Given that Tesla actually does have Musk's wallet & ego behind it, I think Magiver is discounting those factors to zero. And IMO that's a mistake. Those factors mean there's a hefty chance Tesla does cross that Valley of Death on the way to selling at scale for per-unit positive cash flow. Which is enough to keep the project going UFN.

Might he later sell the brand, or the design, or some tech innards goodness to GM / Toyota / VW & call it quits? Sure. But that's business, not a criminal conspiracy.

Last edited by LSLGuy; 11-15-2017 at 05:33 PM.
  #234  
Old 11-15-2017, 05:39 PM
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Isn't the Gigafactory a little more than a Panasonic operation with a Tesla sign on the door?
No. The cell production is largely Panasonic, but the Gigafactory produces complete packs. A pack is way more than just a bunch of cells soldered together; it has thermal management and various electronic bits.

The pack production is the current Model 3 bottleneck, not the cells. They outsourced the automation development for some of the pack production and the developer failed to meet their deadlines, stalling production.

Under other circumstances I'd blame it on the common element--i.e., Tesla. However, Tesla (and SpaceX for that matter) has a long history of contract companies dropping the ball (or just saying that something is impossible or will cost way more than is reasonable), and then Tesla insourcing the project and doing it correctly. It appears that this will be a similar situation as they've already dedicated an internal engineering staff to rework it.
  #235  
Old 11-15-2017, 05:45 PM
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show me where I've been wrong on Tesla's ability to deliver on what they promised? One example will do.
That will be tough, since so many of your claims fall into the "not even wrong" category.

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This is Tucker all over again only this time nobody is trying to bury Tesla. They're doing it to themselves.
Really, dude? You can't seriously believe this. Tucker produced 51 cars total. Tesla has produced a quarter million. This is really the longest of long cons.

And "nobody is trying to bury Tesla" is the biggest laugh I've had all day. I know you can do better than this.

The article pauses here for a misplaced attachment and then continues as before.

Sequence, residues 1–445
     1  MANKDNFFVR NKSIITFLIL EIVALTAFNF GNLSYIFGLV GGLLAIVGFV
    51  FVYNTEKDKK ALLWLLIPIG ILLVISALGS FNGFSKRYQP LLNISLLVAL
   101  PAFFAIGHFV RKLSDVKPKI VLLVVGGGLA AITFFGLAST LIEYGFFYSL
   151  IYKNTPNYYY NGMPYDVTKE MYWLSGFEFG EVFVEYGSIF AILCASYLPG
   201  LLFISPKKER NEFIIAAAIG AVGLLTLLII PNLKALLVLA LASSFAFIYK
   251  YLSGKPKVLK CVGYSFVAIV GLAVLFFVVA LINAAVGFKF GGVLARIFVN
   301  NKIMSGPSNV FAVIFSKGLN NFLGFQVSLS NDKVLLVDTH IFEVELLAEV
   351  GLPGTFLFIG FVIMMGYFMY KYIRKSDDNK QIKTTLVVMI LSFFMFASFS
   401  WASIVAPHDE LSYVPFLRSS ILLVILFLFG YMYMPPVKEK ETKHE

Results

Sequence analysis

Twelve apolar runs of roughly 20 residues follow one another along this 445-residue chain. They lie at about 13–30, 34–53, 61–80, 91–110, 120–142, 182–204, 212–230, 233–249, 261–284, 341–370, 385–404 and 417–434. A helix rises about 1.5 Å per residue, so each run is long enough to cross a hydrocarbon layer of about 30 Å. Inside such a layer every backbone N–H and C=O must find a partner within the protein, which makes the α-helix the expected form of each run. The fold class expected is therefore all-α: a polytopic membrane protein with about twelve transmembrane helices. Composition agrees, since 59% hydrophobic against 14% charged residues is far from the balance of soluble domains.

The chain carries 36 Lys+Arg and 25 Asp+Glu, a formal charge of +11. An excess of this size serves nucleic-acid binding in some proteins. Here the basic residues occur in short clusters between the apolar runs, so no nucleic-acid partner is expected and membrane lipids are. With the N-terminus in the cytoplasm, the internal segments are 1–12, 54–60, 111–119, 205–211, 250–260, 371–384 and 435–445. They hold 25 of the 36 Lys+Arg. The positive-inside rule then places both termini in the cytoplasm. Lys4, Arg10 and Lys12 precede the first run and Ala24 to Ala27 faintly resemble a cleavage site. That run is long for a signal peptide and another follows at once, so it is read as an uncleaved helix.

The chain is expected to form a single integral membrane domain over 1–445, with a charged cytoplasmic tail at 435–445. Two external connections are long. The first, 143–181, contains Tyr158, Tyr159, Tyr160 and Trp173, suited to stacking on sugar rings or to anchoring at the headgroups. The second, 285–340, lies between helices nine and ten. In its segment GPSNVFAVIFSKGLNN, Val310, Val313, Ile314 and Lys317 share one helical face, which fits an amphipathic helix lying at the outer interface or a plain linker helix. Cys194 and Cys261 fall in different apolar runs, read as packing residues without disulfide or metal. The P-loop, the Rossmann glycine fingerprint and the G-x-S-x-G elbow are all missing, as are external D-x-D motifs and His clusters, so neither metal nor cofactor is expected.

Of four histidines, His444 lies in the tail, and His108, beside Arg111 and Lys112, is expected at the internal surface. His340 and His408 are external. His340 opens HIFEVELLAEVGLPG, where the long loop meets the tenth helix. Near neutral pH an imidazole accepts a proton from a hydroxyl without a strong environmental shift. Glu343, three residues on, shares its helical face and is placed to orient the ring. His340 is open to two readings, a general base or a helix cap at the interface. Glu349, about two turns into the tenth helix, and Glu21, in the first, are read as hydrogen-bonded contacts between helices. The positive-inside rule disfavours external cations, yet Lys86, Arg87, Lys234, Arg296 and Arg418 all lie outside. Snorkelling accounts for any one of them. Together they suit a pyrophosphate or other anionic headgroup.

#236  
Old 11-15-2017, 06:34 PM
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Did Elon Musk run over your puppy at some point? Cut you off in traffic?

This jihad you have about Tesla is really out of control. I'm not saying that Tesla is beyond criticism, but damn.
Well forgive some of us for getting tired of the knee-jerk response to any criticism of Tesla as being "Tesla haters."

and I'm really getting tired of people who have no idea how cars are made condescendingly trying to explain to me how cars are made.
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Old 11-15-2017, 07:11 PM
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Well forgive some of us for getting tired of the knee-jerk response to any criticism of Tesla as being "Tesla haters."
I went back an looked at every one of your posts. I would say I agree with the points you made in very nearly every one of them, I strongly agreed with quite a few of your posts, and I learned a few things from some of them as well.

If you go back and look at my posts in this thread, while I'm sure I don't have the expertise that you do, I've been strongly critical of Tesla on some points, and I've surely been complementary to Tesla on a handful.

But Magiver's criticism of Tesla is routinely unconvincing and indicative of a grudge, in my opinion. I don't think there's any careful thought put into his arguments, and a few of them just seem to be from another planet entirely. In another thread, he argued something to the effect that Tesla is going to cut Model 3 production to become a Powerwall company. I just don't know where he gets some of this stuff.
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Old 11-15-2017, 08:04 PM
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Did Elon Musk run over your puppy at some point? Cut you off in traffic?

This jihad you have about Tesla is really out of control. I'm not saying that Tesla is beyond criticism, but damn.
If you remember I've praised his luxury sports cars and given him credit for exploiting a long known fact about electric motors. They deliver 100% torque at startup. He nailed a previously untapped niche in cars.

But as a car company, Tesla has consistently failed to deliver on projected deliveries and that was with small production runs of luxury cars.

Show me where I've been unfair to Tesla based on their past and present performance. Tell my why my prediction they would have problems with the Model 3 was wrong.
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  #239  
Old 11-15-2017, 08:20 PM
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Given that Tesla actually does have Musk's wallet & ego behind it, I think Magiver is discounting those factors to zero. And IMO that's a mistake. Those factors mean there's a hefty chance Tesla does cross that Valley of Death on the way to selling at scale for per-unit positive cash flow. Which is enough to keep the project going UFN.
Elon Musk is worth 19 billion on paper. I don't know how much that is worth if he liquidates but Tesla could burn through that pretty quick.

His battery storage business is something he can make money on. If the Model 3 continues to burn through capital then at some point he will be forced to concentrate on the profitable nodes of business to keep from going bankrupt.
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  #240  
Old 11-15-2017, 09:09 PM